Archive for the
‘Wastewater Treatment’ Category

There isn’t enough conversation about septic tanks in our regular day-to-day lives. As a consequence, we don’t know enough about septic tanks. What do they do and how do they work and how do we maintain them? These are all questions everybody should know the answers too.

A septic tank is an essential first step in the efficient and effective means of treating wastewater generated in every one of our homes and offices. But it is not a catch-all for all kinds of household waste. Keep your septic tank safe to keep the environment safe.

It is crucial to examine what goes into our waste water, and know and understand where it goes once it leaves our home. It is time to start examining what we put in our cleaning products and how toxic the waste water we create is. Because the health of our waterways, oceans and all the living beings depends on it.

With the world’s water consumption increasing rapidly and the rise of untreated release of water by industries, the perils of inefficient wastewater treatment has recently come to the fore.

With a penetrating experience of 17 years in the wastewater treatment industry we have redressed the grievances of over 3000 industries globally. Key issues worrying the wastewater treatment industry are high COD and BOD levels, MLSS development, sustaining the treatment mechanism at high TDS levels in the treated water and thus the difficulty in keeping up with PCB norms. We have catered to industries in the textile and die industry alongside pharmaceuticals, petrochemicals, tanneries and numerous other sectors.

Locals spotted several blue dogs in the Taloja industrial area. The dismal story of the pollution of the Kasadi river by industries in the area is the causal heart rending eye-opener. The life of animals, both aquatic and terrestrial is under high risk. The once lively river is now full of untreated harmful waste that has depleted the aquatic life of the river. The number of crabs and fish has drastically fallen down. The major contributors to the raging pollution levels are the dye and chemical industries that are in the proximity of the water body. This is a clear impact of effluents from industries affecting innocent and helpless animals. Social workers and activists striving to save the river since a decade hold the irresponsible behaviour of the industries and the neglect shown by the waste water treatment body as the major cause, and rightly so.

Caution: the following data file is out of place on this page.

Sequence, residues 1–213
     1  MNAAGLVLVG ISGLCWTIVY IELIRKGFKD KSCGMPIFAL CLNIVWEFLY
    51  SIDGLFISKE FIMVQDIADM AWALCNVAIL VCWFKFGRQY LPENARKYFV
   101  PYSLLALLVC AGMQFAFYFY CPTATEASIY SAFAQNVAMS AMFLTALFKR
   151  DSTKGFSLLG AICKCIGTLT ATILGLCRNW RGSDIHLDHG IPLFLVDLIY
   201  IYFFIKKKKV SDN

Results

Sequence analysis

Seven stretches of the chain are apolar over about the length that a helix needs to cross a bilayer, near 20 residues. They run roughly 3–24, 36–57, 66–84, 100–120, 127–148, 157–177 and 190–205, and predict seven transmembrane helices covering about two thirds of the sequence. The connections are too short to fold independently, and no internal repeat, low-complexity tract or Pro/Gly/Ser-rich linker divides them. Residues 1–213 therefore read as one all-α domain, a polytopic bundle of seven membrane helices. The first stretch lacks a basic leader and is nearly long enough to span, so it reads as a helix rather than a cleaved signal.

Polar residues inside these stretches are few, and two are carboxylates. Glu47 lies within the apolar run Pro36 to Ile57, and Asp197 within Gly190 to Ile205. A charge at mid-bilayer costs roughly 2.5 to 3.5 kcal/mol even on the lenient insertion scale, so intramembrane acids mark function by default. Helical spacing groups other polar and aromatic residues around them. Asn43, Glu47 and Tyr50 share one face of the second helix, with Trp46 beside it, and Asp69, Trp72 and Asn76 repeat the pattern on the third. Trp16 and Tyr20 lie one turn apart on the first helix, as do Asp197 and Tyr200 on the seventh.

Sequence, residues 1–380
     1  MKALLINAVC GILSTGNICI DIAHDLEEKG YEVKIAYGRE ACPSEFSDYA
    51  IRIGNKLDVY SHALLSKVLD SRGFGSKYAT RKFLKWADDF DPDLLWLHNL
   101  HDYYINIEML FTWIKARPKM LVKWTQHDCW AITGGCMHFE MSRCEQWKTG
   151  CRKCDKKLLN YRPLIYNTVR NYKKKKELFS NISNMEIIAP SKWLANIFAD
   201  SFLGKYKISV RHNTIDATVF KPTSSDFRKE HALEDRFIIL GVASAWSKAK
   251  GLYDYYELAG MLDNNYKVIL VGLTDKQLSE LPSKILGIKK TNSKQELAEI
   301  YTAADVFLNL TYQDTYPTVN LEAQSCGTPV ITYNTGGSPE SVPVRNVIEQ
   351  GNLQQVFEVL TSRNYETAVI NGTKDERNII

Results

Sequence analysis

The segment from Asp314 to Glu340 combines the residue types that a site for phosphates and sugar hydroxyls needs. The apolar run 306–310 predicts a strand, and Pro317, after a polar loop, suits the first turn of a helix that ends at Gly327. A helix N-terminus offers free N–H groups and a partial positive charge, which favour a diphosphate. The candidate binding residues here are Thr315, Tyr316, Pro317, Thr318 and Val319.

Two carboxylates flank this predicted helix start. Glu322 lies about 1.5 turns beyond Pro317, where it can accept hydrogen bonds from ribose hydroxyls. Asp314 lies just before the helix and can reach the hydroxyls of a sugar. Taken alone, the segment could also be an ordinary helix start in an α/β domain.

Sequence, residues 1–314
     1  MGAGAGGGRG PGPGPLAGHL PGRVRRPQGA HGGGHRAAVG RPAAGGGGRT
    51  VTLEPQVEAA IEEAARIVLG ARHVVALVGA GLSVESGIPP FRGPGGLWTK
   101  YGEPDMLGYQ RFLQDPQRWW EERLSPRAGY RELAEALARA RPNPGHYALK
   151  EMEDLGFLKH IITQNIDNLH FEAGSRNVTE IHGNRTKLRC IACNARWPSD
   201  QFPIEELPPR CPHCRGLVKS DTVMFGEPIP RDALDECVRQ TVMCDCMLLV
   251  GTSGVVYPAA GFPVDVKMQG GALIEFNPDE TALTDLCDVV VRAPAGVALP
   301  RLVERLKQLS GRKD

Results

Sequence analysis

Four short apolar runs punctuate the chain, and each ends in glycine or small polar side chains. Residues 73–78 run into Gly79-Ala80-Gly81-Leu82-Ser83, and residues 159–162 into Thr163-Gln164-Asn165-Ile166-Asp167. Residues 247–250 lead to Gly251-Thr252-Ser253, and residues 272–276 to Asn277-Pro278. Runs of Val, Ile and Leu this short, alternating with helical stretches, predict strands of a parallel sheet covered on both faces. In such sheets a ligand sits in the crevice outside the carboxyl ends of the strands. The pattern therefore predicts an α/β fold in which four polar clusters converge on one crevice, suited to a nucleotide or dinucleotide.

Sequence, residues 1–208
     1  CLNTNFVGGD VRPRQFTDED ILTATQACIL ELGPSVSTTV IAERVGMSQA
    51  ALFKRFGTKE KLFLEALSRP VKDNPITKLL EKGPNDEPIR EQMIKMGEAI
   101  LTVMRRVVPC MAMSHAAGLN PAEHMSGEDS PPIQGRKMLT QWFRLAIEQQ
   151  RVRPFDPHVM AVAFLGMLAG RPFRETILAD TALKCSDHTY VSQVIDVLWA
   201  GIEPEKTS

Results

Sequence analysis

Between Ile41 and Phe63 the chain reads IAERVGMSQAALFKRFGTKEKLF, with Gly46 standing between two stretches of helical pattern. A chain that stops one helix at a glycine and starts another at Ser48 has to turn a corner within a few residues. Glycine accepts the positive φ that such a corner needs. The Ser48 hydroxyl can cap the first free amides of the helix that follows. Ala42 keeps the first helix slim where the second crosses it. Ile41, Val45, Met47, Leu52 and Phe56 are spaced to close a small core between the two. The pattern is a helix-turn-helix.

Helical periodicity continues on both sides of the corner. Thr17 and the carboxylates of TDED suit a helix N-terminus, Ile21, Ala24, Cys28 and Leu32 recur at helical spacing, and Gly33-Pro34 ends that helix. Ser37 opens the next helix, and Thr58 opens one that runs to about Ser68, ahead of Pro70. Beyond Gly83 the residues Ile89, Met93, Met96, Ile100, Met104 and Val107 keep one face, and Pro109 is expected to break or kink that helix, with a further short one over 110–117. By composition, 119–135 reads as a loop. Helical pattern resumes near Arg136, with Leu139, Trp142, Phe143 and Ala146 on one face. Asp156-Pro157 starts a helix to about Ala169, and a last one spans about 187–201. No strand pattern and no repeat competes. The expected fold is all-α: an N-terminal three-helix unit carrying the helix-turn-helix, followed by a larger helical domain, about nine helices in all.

With a penetrating experience of 17 years in the wastewater treatment industry we have redressed the grievances of over 3000 industries globally. Key issues worrying the wastewater treatment industry are high COD and BOD levels, MLSS development, sustaining the treatment mechanism at high TDS levels in the treated water and thus the difficulty in keeping up with PCB norms. We have catered to industries in the textile and die industry alongside pharmaceuticals, petrochemicals, tanneries and numerous other sectors.

The general awareness regarding microbes has greatly increased over the past few decades. However, little is known about their distant cousins, ‘Protozoans and Metazoans’, more popularly known as ‘higher life forms’. Both these categories of organisms are of great value to industrial effluent treatment. Microorganisms constitute 95% of population in an ideal activated sludge ,of which 4 % of this microbial population consist of higher life forms. Although these higher life forms contribute very little to the removal of organic nutrients, their presence however greatly enhances the clarity of the water and provides an indication of effluent condition (Eg. Toxicity,organic load, dissolved oxygen etc.).

Mumbai is the city of glitz and glamor; of highrises and plush hotels and housing complexes, of bars and exotic restaurants, of soaring real estate values, of gilded star homes at Bandra and Juhu, of swanky cars and malls and international brands etc. But underneath all that jazz, Mumbai grapples with a giant problem- waste management. The city’s faring poorly when it comes to handling proper, hygienic disposal of human and kitchen refuse. Any number of factors might be responsible for this.

In recent times, due to the limited availability of water resources and rapid industrialization, it is mandatory to preserve water quality. Ammonia is one of the most common pollutant observed in industrial and agricultural effluents. It is used as a bleaching agent in chemical industries and also in production of fertilizers, plastics and explosives. In effluents ammonia exists in equilibrium with ammonium ions. The concentration of ammonia gas increases with increase in pH and temperature. At neutral pH most of the ammonia exists as dissolved ammonium ions, but as the pH increases to 12, both ammonium ions and gaseous ammonia coexist in the effluent. The estimation of Ammonia in effluents is generally carried out by Nessler’s method and is determined as Ammonical Nitrogen (NH3-N) in ppm.

0
0
image
https://organicabiotech.com/wp-content/themes/imperio/
https://organicabiotech.com/
#bcd633
style1
paged
Loading posts...
/home/organic1/public_html/
#
on
none
loading
#
Sort Gallery
on
yes
yes
off
Enter your email here
off
off